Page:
With a surfeit of so-called “Jukebox Musicals” around at the moment, it’s a very brave production company that decides to launch yet another, but the show Crimson Fair Productions offer has joined the list, and taken the audacious step of promoting itself as being a more authentic 50’s experience than the others.
Having seen Buddy, Save the Last Dance for Me and, Dreamboats and Petticoats, I have to say that the claim is more than a little ambitious as The Twist owes more of it’s heritage to 90s TV phenomenon Stars in Their Eyes than it does to the rock and roll blockbusters of the time, like Ready, Steady, Go.
The show is written and directed by its star, Suzy Jary, an accomplished singer with a penchant for dressing up as her rock and roll heroines, and belting out their greatest hits. The performance she has created is part music history lesson, part tribute concert, part theatrical performance and part audience sing-along.
Set in a Happy Days style diner, with a live four piece band called The Twisters, the story tells of a supposedly popular hangout where the great and good of the rock and roll world pop by to say hello to the owner, “Big” Tony Tremendo, played by David Peyton Bruhl, and to sing a few songs. The only customer in the diner is a local DJ, who decides that he would like to broadcast his show from the diner – and that is the full extent of the storyline.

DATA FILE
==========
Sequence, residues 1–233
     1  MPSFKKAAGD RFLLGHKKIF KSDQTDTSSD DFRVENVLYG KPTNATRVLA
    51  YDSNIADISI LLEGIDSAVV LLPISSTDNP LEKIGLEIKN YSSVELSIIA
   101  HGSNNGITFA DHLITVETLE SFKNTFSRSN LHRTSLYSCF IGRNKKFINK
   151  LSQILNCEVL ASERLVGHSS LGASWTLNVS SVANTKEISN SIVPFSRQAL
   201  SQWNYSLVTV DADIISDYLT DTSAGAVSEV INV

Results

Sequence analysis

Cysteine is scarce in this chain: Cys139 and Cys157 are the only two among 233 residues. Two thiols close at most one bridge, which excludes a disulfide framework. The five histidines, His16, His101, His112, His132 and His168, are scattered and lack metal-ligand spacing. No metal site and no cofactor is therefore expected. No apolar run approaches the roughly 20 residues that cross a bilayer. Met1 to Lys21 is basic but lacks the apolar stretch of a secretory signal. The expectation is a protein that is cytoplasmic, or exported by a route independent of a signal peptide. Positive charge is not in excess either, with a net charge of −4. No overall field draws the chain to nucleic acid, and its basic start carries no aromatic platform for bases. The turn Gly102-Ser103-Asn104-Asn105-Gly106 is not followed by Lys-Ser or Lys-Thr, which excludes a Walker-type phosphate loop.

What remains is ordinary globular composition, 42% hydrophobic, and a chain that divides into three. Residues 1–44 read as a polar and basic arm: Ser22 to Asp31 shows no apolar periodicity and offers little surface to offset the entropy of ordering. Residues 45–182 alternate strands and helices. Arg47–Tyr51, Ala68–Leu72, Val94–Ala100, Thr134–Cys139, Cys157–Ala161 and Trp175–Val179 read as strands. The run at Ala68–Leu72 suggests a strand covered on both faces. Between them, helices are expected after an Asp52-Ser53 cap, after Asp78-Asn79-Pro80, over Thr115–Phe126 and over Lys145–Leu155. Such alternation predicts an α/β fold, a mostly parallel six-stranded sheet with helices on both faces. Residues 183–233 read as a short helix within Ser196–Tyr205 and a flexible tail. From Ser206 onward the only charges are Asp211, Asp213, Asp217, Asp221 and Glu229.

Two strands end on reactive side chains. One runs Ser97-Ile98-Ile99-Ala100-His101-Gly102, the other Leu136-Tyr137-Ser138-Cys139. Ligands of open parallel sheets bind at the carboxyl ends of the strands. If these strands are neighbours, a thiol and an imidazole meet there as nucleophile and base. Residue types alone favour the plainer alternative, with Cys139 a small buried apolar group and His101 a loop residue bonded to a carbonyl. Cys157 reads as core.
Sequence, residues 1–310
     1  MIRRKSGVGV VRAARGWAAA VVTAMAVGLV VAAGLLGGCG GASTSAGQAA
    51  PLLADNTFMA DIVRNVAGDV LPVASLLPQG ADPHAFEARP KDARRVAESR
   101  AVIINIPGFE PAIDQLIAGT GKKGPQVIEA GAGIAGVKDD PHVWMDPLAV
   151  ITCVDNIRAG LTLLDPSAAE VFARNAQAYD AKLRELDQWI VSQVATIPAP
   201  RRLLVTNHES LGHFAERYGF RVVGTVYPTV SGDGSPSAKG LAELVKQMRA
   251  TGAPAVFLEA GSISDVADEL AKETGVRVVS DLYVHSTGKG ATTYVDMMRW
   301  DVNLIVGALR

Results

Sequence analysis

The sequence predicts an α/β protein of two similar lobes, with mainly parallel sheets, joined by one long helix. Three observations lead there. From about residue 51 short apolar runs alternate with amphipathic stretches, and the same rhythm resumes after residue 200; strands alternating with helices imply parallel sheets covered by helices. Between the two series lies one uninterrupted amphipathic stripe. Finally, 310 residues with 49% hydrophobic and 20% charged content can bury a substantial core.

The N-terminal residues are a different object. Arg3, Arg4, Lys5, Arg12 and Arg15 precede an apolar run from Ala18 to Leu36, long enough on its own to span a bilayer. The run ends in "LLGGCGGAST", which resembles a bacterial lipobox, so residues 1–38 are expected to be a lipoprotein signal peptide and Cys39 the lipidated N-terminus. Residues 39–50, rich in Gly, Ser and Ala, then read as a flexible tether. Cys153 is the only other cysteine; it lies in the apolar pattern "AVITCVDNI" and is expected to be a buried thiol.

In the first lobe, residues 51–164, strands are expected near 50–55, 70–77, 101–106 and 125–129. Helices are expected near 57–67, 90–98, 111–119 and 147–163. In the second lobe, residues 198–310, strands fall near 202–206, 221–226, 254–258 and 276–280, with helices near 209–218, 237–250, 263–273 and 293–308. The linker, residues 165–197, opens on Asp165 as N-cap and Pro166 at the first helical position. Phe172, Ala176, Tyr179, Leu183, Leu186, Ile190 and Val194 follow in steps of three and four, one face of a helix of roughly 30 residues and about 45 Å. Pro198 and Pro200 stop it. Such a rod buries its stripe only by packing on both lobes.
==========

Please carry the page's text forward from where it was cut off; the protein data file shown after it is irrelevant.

The first singer to drop in is none other than Elvis Presley, who gets the crowd singing along with a rousing three-song set and, no sooner does he head on his way, Connie Francis arrives. She starts with a superb rendition of “Where the Boys Are”, a performance that shows clearly that Jary has studied her idols and imitates them with meticulous attention to detail.
After her set, songwriter, Strictly Come Dancing singer and musical director, Chris Madin takes the lead microphone as himself (he plays a backing singer in the show), and showcases his voice with hits like “Great Balls of Fire”, while giving Jary enough time to change costume and reappear as Brenda Lee.
Jack Harding opens the second act as the DJ, Danny Dellany, with an extremely elongated introduction and a totally unnecessary “comedy” routine with Tremendo. The next star to drop in is Petula Clark, closely followed by a return visit from Elvis and a set from Buddy Holly leading the audience neatly into the top-of-the-bill finale.
Headlining the performance is Dusty Springfield who, as the spotlight reveals her, looks like a bizarre mixture of Cruella De Ville and Lily Savage as she is topped off by the most horrendous, lopsided, huge, peroxide wig. Her voice is superb, and her flawless version of “You Don’t Have to Say You Love Me” is only marred by the laughter emanating from an audience that is still reeling from her strange appearance.
All told, the show is not the best of the bunch, but it is a pleasant night out and the dancers from Brighton Jive, who kept leaving their seats to strut their stuff in front of the stage, did add an air of nostalgic authenticity to the show.